March 23rd, 2017
As much as she’d like to forget Sept. 15, 2016, it's a day Julie George will never be able to erase from her memory. That day, the Eau Claire, Wisconsin, woman’s 21-year-old son, Dylan Walling, was riding his motorcycle on a highway en route to his grandmother’s house when the unthinkable occurred.
A slow-moving manure spreader had caused a traffic backup. Dylan passed three cars and then collided with the farm vehicle as it began to turn left into a field. Although he was wearing a helmet, it wasn’t enough to protect him. The right side of Dylan’s body took the impact, leaving him seriously injured. His liver split in two. He had a kidney laceration, a head injury, a broken femur and forearm, an ankle injury and a collapsed lung. His foot was broken, his heel pad torn, and his toes were broken so badly they were almost severed.
October 17th, 2016
Oct. 23, 2015, is a date that Nikole Prins will always remember. It’s the day she finally learned the reason for the bizarre symptoms she had been dealing with for more than half her life. Nikki precisely recalls the time she heard the news. It was 1:24 in the afternoon when her doctor called with the results of an MRI she had the previous day.
“I was diagnosed with Chiari malformation,” says Nikki, who lives in Owatonna, Minnesota, and received care at Mayo Clinic Health System in Owatonna. “No one wants to be told at 21 that you have a brain malformation. I cried a lot.”
For years, Nikki had experienced a range of symptoms that included lightheadedness, fainting and extremities that tingled when she stood up, as well as migraines that got worse while she was standing. As a preteen, she was told she was having syncope episodes when she got lightheaded. Later, physicians made the diagnosis of postural orthostatic tachycardia syndrome. But neither diagnosis nor any treatment had an effect on her symptoms. Read the rest of this entry »
October 13th, 2016
As a first surgical assistant for 23 years with Mayo Clinic Health System, Shari Callaghan was trained to provide the utmost in care to her patients. But the 55-year-old resident of Chippewa Falls, Wisconsin, says she didn’t fully grasp the quality of care Mayo patients receive until she became one herself.
For 31 years, Shari had been an accident-free motorcycle rider. In September 2015, she was involved in a devastating crash. Shari may never fully know what happened that day — the traumatic brain injury she sustained despite wearing a helmet wiped away her memories. But she does recall an ever-present sense of support throughout the time she spent in the hospital at Mayo Clinic Health System in Eau Claire, Wisconsin.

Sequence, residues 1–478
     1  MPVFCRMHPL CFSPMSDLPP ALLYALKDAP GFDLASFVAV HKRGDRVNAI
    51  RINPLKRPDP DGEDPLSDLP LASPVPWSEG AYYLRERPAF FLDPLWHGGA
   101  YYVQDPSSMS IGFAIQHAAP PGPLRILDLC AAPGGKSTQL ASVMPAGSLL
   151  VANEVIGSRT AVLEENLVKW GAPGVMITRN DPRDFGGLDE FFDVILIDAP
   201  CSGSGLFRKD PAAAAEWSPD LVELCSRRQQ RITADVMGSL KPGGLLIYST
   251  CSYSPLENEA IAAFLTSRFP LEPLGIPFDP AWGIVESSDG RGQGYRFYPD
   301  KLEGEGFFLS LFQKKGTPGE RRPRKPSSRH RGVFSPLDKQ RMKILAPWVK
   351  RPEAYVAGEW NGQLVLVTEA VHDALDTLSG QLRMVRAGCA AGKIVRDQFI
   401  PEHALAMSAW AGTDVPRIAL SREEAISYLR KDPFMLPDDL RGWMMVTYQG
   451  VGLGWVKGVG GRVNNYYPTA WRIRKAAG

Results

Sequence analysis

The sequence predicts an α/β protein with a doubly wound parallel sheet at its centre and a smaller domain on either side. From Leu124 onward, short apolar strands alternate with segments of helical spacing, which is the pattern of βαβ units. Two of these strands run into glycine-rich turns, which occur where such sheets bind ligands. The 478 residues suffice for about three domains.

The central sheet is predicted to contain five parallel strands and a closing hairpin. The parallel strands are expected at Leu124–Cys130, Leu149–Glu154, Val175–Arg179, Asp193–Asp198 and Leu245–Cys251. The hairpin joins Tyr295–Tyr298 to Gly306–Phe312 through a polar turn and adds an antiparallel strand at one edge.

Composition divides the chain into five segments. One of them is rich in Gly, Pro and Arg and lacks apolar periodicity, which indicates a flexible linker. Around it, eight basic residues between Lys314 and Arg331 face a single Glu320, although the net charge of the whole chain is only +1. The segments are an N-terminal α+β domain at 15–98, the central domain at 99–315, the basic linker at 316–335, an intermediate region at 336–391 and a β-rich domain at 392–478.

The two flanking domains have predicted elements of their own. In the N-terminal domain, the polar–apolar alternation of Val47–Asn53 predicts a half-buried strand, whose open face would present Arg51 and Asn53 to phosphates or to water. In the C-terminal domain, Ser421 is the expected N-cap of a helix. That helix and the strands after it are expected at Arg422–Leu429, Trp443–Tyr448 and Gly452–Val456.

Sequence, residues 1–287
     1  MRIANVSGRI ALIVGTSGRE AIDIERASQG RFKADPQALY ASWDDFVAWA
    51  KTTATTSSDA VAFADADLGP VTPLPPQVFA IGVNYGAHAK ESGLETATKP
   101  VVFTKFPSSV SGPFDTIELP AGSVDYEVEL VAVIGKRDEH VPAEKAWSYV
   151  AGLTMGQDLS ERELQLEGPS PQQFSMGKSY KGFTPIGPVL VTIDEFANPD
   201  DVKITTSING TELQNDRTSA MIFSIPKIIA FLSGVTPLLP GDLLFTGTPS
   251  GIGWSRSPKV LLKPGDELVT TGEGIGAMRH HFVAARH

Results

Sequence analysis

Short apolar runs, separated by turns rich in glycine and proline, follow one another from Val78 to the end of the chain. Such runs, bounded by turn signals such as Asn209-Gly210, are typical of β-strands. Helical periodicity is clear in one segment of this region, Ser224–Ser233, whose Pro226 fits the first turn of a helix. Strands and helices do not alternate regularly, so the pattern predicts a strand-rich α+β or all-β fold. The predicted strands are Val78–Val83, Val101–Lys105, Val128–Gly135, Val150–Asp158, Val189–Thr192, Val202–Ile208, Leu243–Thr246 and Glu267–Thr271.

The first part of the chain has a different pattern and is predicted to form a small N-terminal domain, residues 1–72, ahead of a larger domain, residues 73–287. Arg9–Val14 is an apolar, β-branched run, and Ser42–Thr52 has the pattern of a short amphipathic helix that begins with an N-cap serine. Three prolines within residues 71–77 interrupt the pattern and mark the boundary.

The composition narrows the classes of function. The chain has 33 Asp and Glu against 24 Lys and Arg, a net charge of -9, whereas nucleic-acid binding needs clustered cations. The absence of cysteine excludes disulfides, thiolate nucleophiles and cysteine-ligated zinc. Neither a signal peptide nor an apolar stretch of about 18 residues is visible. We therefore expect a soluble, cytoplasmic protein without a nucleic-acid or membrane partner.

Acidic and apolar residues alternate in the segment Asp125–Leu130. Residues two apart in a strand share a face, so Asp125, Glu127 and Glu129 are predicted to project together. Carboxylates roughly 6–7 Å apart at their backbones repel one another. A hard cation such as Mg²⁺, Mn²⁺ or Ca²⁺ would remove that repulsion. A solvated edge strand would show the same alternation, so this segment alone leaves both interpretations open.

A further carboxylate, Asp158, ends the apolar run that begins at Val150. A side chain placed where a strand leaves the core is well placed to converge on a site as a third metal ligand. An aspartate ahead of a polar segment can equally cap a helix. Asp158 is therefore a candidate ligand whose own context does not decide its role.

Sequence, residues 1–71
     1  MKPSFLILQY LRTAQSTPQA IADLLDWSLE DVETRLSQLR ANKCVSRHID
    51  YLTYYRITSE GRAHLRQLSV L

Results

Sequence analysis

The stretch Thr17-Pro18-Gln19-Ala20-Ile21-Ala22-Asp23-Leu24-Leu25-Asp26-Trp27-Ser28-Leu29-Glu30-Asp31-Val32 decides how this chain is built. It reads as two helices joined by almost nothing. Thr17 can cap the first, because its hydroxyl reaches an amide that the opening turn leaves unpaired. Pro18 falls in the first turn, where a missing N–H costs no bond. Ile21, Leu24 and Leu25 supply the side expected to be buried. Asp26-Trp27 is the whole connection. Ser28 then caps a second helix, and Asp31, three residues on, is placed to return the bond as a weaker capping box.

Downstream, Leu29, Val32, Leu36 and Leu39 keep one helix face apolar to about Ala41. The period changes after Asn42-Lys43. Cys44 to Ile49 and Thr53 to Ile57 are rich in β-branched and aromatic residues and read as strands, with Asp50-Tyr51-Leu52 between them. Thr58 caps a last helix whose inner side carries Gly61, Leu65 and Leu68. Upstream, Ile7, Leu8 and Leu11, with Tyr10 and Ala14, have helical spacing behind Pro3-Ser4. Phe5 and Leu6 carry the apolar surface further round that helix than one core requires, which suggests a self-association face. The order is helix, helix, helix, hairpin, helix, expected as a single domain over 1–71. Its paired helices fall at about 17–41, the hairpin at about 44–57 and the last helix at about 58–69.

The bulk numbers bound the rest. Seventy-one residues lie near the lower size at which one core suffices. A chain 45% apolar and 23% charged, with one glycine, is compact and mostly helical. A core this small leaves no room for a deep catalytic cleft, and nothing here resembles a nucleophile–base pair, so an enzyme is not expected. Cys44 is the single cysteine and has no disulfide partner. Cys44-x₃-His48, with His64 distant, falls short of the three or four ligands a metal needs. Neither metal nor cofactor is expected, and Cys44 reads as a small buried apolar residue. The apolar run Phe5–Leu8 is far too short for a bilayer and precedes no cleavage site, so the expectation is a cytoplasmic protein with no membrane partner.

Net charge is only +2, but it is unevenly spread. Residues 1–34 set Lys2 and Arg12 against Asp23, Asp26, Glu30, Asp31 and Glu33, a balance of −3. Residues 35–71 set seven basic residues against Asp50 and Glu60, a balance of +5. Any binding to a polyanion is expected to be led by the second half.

“I have been on the other side and am thankful,” Shari says. Read the rest of this entry »
August 2nd, 2016
Over the last two decades, however, health concerns have made his outdoor activities more challenging. During that time, Roger has undergone hip and knee replacement, been diagnosed with prostate cancer, and faced additional health issues related to his heart and lungs.
Medical care from his team at Mayo Clinic Health System, along with support from a large circle of family and friends, have seen him through each of these obstacles. And in October 2014, a new feature was added to the mix when Mayo Clinic Health System Palliative and Supportive Care Service became part of Roger’s care team, too. Read the rest of this entry »
January 15th, 2016
Scott Gunderson is a typical working father of three young children. His days typically are full of meetings, play dates, golf games and helping manage his busy family’s calendar. You likely wouldn't guess that the 38-year-old from Chippewa Falls, Wisconsin, is a stroke survivor and heart valve patient. Read the rest of this entry »
July 20th, 2011
The giant couldn’t crush Ron Woodside’s spirit. The giant — an EF4 tornado that dropped from the sky on June 17, 2010 — destroyed his home and took away the irreplaceable — his wife of 18 years. But Woodside, 77, has survived and thrived.
Ron and Kathy Woodside lived in rural Albert Lea, Minn., and were attuned to the weather that day — which set a new Minnesota record with 48 tornadoes. Woodside recalls seeing an approaching rain cloud and hearing the rain begin. Within moments, the walls of their home were quivering. The home blew apart and the couple was at the mercy of the twister, with wind speeds around 174 mph.
“I remember bouncing along, like a giant was hammering me into the ground,” says Woodside. His wife, Kathy, did not survive.